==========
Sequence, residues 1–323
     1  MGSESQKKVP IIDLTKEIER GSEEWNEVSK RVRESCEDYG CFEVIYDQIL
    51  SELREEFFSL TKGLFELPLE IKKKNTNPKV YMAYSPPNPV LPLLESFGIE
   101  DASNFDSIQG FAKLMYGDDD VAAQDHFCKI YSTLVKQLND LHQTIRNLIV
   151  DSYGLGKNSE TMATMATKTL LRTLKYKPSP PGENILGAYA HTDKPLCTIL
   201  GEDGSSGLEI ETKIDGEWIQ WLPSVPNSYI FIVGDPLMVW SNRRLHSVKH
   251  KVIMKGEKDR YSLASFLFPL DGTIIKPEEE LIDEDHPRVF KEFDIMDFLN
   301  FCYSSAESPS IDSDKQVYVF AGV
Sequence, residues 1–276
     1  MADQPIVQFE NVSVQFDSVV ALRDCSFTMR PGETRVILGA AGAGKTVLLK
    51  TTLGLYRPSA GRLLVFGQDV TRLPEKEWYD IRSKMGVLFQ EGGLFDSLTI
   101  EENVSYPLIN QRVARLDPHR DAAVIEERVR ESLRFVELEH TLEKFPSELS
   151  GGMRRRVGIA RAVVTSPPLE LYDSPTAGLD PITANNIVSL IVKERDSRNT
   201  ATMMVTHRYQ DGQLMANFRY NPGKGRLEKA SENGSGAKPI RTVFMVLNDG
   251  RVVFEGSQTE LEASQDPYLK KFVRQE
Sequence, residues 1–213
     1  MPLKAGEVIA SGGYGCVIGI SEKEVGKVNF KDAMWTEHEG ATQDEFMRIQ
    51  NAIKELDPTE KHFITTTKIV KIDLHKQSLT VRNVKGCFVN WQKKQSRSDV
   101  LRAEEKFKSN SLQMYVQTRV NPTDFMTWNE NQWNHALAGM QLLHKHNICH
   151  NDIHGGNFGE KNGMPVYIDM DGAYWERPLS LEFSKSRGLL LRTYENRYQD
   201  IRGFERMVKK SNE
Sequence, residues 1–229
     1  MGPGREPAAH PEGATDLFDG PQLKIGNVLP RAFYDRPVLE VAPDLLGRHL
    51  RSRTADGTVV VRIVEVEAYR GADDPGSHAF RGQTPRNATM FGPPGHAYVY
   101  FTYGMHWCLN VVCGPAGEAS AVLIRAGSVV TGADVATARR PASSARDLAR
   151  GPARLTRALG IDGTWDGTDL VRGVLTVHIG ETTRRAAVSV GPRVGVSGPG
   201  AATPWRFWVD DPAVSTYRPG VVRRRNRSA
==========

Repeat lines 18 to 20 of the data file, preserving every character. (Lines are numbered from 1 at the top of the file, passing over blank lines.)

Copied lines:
    51  NAIKELDPTE KHFITTTKIV KIDLHKQSLT VRNVKGCFVN WQKKQSRSDV
   101  LRAEEKFKSN SLQMYVQTRV NPTDFMTWNE NQWNHALAGM QLLHKHNICH
   151  NDIHGGNFGE KNGMPVYIDM DGAYWERPLS LEFSKSRGLL LRTYENRYQD